Rare Disease Day-Moorfields supports global campaign about rare diseases

Post date: 
Thursday, 25 February 2016
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Moorfields and Rare Disease Day Logos

Moorfields is supporting Rare Disease Day on 29 February with a number of activities including a web chat about rare eye diseases with Professor Michel Michaelides.

Rare Disease Day takes place on the last day of February each year and aims to raise awareness among the general public and decision makers about rare illnesses and their impact on patients’ lives. A rare disease is defined by the European Union as one that affects less than 5 in 10,000 of the general population. Research shows  one in 17 people, or 7% of the population, will be affected by a rare disease.

From 22 February on  our Twitter and Facebook channels we will highlight diseases such as retinitis pigmentosa, birdshot uveitis, achromatopsia and Stargardt disease which affect some of our patients.

On 29 February between 12.30-1.30pm our  web chat will give a chance for staff, patients and the general public to ask Professor Michaelides, consultant ophthalmologist,  about rare eye conditions through this link http://www.moorfields.nhs.uk/event/rare-disease-day-web-chat.

Rare Disease Day has also attracted the support of the National Institute for Health Research Biomedical Research Centre at Moorfields and UCL Institute of Ophthalmology, who are calling for patients’ voices to be heard. Patients and the general public can leave messages of support for people with rare diseases via ballot boxes in Moorfields’ clinics or online here http://www.brcophthalmology.org/rare-disease-day-2016.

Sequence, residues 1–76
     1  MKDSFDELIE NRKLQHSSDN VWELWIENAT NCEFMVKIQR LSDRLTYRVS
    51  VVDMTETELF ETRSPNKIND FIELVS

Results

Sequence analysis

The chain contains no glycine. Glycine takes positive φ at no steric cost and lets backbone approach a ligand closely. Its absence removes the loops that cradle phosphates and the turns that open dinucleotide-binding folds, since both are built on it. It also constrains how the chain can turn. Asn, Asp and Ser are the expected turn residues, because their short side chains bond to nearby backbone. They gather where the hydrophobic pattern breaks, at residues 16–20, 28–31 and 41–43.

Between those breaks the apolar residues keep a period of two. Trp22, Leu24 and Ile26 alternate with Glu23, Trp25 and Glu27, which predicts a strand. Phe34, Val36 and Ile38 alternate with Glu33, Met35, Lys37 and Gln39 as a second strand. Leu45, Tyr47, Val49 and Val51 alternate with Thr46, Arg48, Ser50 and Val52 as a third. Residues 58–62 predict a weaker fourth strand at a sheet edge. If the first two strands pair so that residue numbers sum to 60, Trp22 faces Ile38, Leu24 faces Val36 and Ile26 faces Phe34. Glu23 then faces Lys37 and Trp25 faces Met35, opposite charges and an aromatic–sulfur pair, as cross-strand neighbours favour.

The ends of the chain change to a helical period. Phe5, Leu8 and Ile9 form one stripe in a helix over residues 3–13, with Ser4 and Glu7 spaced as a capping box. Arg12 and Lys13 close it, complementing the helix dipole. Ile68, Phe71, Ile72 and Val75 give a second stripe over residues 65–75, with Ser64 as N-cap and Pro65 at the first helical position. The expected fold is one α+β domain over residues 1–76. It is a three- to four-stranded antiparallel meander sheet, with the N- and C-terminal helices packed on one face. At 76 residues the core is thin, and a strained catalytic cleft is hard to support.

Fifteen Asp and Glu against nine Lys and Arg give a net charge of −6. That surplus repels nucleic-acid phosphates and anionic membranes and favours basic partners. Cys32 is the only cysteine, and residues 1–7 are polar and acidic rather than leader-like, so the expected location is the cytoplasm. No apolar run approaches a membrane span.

Retinal disorders overtook diabetes as the third leading cause of severe sight impairment in England and Wales in 2013. One patient who knows what it’s like to live with a rare retinal disease is Joshua De Silva who was diagnosed with retinitis pigmentosa (RP) at Moorfields Eye Hospital when he was 11.

RP is the name given to a group of inherited conditions that progressively cause reduced vision and blindness by attacking light sensitive cells in the retina. Currently there is no cure. Joshua said: “The form of RP that I have results in a very limited peripheral field and reduced night vision. I really struggle to see in low light, that includes a dimly lit room, at dusk and dawn and when the sun is beginning to set. I have my central vision but I have no outer vision.”

Now 26, Joshua continues to be seen at Moorfields: “It’s incredibly bittersweet whilst I’m here because it forces me to think about my RP and it’s not the most pleasant thing to think about. It also fills me with so much gratitude because I’m still able to live a relatively normal life.”